HOLLYWOOD, Fla. — A South Florida woman wanted to make a statement with her Halloween costume by dressing up as a condo building project she opposes.
She says a local police officer warned her not to, but according to Facebook posts, she did it anyway.
Cat Uden has been an outspoken critic of a developer's plan to build a 30-story condo on taxpayer-owned beachfront land in Hollywood, Florida.
Ahead of the city's Hollyweird Halloween block party, Uden posted in a Facebook group encouraging others to dress up like the condo building or hold “No Condo” signs to raise awareness for their cause, the South Florida Sun Sentinel reports.
But Uden ran into an issue when she says a local officer told her the costume coordination plan would be considered a planned protest march, for which she needs a permit.
According to posts by Uden in the "Hollywood Residents-Speak Up" Facebook group, she had previously applied for permits for protests she has held against the condo developer in the past but did not consider this plan a protest.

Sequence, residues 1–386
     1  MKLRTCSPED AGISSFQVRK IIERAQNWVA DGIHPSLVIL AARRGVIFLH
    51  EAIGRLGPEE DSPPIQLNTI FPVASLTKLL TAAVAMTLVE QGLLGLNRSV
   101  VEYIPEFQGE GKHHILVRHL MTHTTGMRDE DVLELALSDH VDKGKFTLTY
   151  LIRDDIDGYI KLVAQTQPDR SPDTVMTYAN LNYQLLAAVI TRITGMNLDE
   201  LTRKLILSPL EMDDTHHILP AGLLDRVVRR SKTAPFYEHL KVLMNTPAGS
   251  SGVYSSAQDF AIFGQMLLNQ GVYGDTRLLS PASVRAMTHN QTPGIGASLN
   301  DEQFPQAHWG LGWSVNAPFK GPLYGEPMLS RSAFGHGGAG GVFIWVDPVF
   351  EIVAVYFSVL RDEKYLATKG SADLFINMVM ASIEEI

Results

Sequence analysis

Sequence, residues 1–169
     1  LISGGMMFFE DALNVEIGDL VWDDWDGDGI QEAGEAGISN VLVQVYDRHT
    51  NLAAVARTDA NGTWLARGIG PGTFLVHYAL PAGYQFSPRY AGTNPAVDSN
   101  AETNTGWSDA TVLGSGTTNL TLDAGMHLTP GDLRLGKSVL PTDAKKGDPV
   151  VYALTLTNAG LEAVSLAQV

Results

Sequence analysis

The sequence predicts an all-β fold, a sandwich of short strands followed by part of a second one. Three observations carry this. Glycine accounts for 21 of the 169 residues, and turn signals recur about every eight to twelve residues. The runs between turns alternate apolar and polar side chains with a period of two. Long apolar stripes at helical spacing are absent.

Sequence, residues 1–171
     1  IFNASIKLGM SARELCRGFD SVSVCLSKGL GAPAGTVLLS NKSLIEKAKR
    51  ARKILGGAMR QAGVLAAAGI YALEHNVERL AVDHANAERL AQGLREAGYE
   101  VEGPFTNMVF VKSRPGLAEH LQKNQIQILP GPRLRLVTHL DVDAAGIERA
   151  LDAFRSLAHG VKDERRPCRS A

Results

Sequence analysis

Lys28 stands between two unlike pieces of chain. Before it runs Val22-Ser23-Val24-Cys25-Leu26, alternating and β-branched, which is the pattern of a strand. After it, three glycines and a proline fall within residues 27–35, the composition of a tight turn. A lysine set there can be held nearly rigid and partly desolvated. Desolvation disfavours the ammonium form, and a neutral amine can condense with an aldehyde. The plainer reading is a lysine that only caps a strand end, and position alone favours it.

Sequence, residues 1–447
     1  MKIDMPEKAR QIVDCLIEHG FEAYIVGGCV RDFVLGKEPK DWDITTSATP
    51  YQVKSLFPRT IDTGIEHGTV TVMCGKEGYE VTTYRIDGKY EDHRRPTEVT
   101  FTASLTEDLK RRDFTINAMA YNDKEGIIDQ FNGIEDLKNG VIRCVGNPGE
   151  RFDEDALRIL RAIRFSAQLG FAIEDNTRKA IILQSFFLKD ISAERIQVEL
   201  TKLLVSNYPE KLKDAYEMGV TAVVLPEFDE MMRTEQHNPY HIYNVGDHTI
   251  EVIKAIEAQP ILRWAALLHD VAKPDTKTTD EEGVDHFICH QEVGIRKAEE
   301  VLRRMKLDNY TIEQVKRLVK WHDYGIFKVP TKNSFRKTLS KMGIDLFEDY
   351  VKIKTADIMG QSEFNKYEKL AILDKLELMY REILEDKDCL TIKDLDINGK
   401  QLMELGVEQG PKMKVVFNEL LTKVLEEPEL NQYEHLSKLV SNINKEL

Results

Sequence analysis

The Sun Sentinel reports that Uden and six of her friends followed through on the plan and wore their condo building costumes to the block party without issue. The newspaper adds that one woman toting a “No Condo” sign says she even got a hug from a police sergeant.
It appears Uden isn't backing down from her cause any time soon. She posted pictures and videos of people smiling and dancing in their condo costumes at the party with the caption, "Thanks to the Hollywood PD at Hollyweird Block Party for keeping us safe and respecting our freedom of speech. Fun was had by all. It was great event."
She told the Sun Sentinel she plans to hold on to her costume and wear it in case they have a demonstration in the future.
There has been debate over similar issues in the Tampa Bay area after Sarasota City commissioners approved a developer's plan to build a high-rise hotel on Siesta Key.
The plan was a point of contention between people who want to further develop Siesta Key to keep up with the area's rapid growth and those living in the area who don't want to see their home overrun by high-rise hotels.